Momentum youth and students to meet in Manchester

By KD Tait On 5 June, Momentum Youth and Students will hold its founding conference in Manchester. The conference is open to all members of Momentum under 30, or in education.

This is the first national meeting of a section of Momentum and is a chance to ensure that young Labour members take advantage of the opportunities presented by Jeremy Corbyn’s leadership of the party.

The Queen’s Speech announcing the government’s proposals for this parliament confirmed that the Tories want to free tuition fees to rise to stratospheric levels, push ahead with the privatisation of all levels of education and drastically reduce the number of FE colleges.

Opposing these attacks and developing a plan to fight for the kind of education we want will be an important way for Momentum to win school, college and university students to Labour and revitalise Young Labour and Labour clubs by infusing them with a spirit of political debate and a campaigning focus.

While education will clearly be a priority for many young members, the conference will rightly provide a chance to discuss organising young workers, fighting for liberation and equality, and presenting the case for an alternative and progressive economic policy.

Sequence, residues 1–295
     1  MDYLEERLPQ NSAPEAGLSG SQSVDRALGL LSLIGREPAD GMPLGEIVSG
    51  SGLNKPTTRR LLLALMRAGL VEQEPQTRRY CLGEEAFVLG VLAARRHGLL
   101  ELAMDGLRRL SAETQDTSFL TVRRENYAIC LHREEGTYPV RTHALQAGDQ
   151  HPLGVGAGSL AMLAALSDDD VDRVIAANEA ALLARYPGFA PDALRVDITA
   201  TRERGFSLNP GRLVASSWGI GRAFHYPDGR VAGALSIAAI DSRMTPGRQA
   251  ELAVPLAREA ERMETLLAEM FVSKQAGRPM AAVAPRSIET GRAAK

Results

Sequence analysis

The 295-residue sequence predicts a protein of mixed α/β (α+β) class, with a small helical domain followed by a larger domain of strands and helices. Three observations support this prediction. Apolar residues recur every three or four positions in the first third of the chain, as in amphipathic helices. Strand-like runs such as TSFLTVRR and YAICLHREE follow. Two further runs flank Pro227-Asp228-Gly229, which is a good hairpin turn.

The conference is scheduled to agree a constitution and elect a leadership “to take forward the work of the organisation for the next year”. Unfortunately, with no opportunity for local Momentum or Young Labour groups to submit motions on political or campaigning priorities to the conference, it seems that it will be difficult for members to agree a collective plan that could bring people together on the basis of thorough political discussion and democratic decision making. This is a shame, because Jeremy Corbyn’s leadership genuinely enthused a huge number of young people and we shouldn’t waste the opportunity to bring people into political activity by giving them a stake in the organisation.

Many have seen that involvement of young people following Corbyn’s election has been patchy. An excellent first meeting of Lambeth Young Labour saw many members pointing out reasons for this: boring CLP or Ward meetings, obstruction or hostility from the right wing, a lack of political discussion and activity beyond voter-identification and door-knocking, a feeling that young people are treated as second class members.

So it’s important that the conference strikes the right balance between political debate and decision making alongside introducing new members to the valuable traditions and methods of working class organisation that collectively empowers individuals to have a say on what the organisation as a whole does. Every new organisation has its teething problems; these concerns aside, the conference is an important first step to building a grassroots youth movement that can develop its own politics and strategy to campaign for socialism.

See you there!

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